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Old 07-17-2019, 04:35 PM
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I would bet that what some people don't realize about showers is that not all people execute them the same way.

The assumed method is that a person turns the shower on and simply stands under it directly, with the water simply pouring all over and running down one's head, upper body, and the rest. And that at any one moment, a person's whole body is constantly under running shower water.

Not everyone does it that way. If you DO do it that way, and attempt to use shower gel casually as you would use bar soap ... yeah, the shower gel will be rinsed off your hands before you get much soaping done.

Now then. Another way some people shower is to position one's body, the shower head, or both so that only desired body parts are being wetted at any one time. This is even easier if one uses a removable shower head and a hose as opposed to a more fixed-position shower head.

I use shower gel frequently, and never use a sponge or loofah or cloth. Trick is, my hands are not in the running shower water as I soap up. I've stepped forward a bit and turned by back to the shower head. All the running water is hitting my upper back and running downwards while my hands are easily lathering up most of the rest of me. Shower gels do differ in viscosity, and runnier brands can require a little extra care to keep it from spilling out of your hands. Still, it's a snap to apply.

More on personal shower differences: I dislike water splashing on my face (no, I don't swim). But I've always loved a good shower. How to reconcile? I learned long ago how to shower my entire body -- including applying/rinsing shampoo in my hair -- without getting water on my face. It's really easy and familiar for me -- but I'm sure that for people who do it another way, my way seems really weird.

In recent years, I've learned to tolerate running water on my face for maybe a five-count because it's handy to wash my face in the shower. Still, I have to have a towel hanging in the shower (far from the running water, it stays dry) so that I can wipe the water off my face ASAP.

...

So anyway, that's one shower gel success story
Tis is a total WTF thread for me . Why don't use the useful hint by Nava to turn off the shower when soaping your body? That's the natural way for me. So how I take a shower:

Turn on shower and make your body wet.

Turn off shower.

Apply shower gel out of the bottle to my dominant hand. Lather the body (with both hands). Rub diligently everywhere, especially the stinky parts (you know them all).

Turn on shower again. Rinse your body.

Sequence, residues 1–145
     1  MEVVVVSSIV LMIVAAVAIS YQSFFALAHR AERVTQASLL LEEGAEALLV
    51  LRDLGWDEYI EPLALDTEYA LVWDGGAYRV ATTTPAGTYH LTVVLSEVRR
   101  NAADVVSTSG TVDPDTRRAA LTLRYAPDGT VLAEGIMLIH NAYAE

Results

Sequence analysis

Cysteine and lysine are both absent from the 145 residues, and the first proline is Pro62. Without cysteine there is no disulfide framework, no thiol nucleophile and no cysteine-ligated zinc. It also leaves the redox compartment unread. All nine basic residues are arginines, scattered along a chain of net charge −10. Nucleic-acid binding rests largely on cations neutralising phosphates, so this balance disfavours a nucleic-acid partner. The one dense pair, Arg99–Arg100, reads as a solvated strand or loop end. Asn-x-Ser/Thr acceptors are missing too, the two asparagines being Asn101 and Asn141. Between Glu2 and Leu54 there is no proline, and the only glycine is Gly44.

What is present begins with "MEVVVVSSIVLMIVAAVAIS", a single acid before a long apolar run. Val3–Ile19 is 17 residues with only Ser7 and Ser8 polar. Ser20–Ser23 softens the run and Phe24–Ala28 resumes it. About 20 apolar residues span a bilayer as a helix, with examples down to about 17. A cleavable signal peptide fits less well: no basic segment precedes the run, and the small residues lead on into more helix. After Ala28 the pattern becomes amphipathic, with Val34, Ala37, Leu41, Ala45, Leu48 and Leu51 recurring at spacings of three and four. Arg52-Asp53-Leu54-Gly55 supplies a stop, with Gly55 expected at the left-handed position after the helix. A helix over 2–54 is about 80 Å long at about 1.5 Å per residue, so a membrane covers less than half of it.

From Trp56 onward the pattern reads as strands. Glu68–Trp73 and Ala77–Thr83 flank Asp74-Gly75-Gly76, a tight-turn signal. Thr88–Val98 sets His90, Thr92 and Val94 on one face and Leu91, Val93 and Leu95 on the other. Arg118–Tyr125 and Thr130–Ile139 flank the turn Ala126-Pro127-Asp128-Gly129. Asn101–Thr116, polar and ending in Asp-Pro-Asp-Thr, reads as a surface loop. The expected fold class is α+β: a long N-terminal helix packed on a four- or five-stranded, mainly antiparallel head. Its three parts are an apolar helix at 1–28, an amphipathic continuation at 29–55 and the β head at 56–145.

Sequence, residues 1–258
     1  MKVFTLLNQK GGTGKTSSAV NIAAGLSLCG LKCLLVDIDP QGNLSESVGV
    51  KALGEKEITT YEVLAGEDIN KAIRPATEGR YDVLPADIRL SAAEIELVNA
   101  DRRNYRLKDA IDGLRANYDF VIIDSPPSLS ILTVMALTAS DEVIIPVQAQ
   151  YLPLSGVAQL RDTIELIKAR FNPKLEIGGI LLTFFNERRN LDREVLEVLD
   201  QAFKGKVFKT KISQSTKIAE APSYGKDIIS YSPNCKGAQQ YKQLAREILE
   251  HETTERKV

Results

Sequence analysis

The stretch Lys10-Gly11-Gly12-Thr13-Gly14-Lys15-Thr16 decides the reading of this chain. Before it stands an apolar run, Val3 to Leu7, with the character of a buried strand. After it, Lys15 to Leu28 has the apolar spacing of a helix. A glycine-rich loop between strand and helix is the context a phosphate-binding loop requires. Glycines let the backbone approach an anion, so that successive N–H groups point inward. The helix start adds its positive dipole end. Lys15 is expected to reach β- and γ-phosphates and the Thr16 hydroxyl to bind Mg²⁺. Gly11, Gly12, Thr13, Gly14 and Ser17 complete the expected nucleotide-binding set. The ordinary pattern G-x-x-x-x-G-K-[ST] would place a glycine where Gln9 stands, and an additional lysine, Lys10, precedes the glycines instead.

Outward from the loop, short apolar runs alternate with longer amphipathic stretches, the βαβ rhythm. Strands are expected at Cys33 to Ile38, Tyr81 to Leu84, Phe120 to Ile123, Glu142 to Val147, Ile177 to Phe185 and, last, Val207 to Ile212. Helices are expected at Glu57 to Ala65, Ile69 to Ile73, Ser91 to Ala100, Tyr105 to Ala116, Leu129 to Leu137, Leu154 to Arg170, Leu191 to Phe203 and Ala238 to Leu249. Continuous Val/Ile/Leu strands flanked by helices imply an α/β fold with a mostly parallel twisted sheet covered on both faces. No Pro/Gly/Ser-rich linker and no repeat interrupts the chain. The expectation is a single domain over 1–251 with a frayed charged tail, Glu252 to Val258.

Step out of the shower and rub yourself dry with a towel. (I added that piece because obviously to some people taking a shower seems to be a mystery)
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Last edited by EinsteinsHund; 07-17-2019 at 04:40 PM.
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Old 07-17-2019, 04:42 PM
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Tis is a total WTF thread for me . Why don't use the useful hint by Nava to turn off the shower when soaping your body?
Balancing the hot/cold taps and getting the water temperature just right in our shower is a bit of a pain. Plumbing differences may account for different showering strategies, it seems.

Also, I never actually thought of doing that. Taking a step away from the shower strikes me as far, far simpler and more natural. Others' mileage will vary, of course.
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Old 07-17-2019, 04:47 PM
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Balancing the hot/cold taps and getting the water temperature just right in our shower is a bit of a pain. Plumbing differences may account for different showering strategies, it seems.

Also, I never actually thought of doing that. Taking a step away from the shower strikes me as far, far simpler and more natural. Others' mileage will vary, of course.
Maybe also the frugality and the more recent ecological concerns of German people are a factor: nobody in his right mind here would want to waste the water in the first place.
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Old 07-17-2019, 04:48 PM
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I wish to join in solidarity with OP and Thudlow, as I am also baffled by how someone could use shower gel without going through an entire bottle after every third or fourth shower.
From the standpoint of the manufacturer that's a feature and a not a bug.
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Old 07-17-2019, 04:55 PM
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Maybe also the frugality and the more recent ecological concerns of German people are a factor: nobody in his right mind here would want to waste the water in the first place.
Where I live (SE Louisiana, USA), water is virtually free and seemingly ever-replenishable. It's not treated as a limited resource locally. It's all I've ever known regarding home use of water.
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Old 07-17-2019, 05:08 PM
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Tis is a total WTF thread for me . Why don't use the useful hint by Nava to turn off the shower when soaping your body?
Balancing the hot/cold taps and getting the water temperature just right in our shower is a bit of a pain. Plumbing differences may account for different showering strategies, it seems.
I used to have a showerhead with a valve built in, so you could shut off the water up there, without having to rebalance the temperature. But the handheld showerhead I now have doesn't have that feature.
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Old 07-17-2019, 05:08 PM
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Where I live (SE Louisiana, USA), water is virtually free and seemingly ever-replenishable. It's not treated as a limited resource locally. It's all I've ever known regarding home use of water.
See, water is not really scarce in Germany (I could do with a little less rain), and it's not even extraordinarily expensive (though the purification of sewage has its price), but there's the general opinion that water is a valuable natural resource and therefore not to be wasted. I was brought up with that mindset. (Think: see the poor babies in Africa with no water, and YOU don't turn off the water when brushing your teeth!). Seems to be a cultural thing.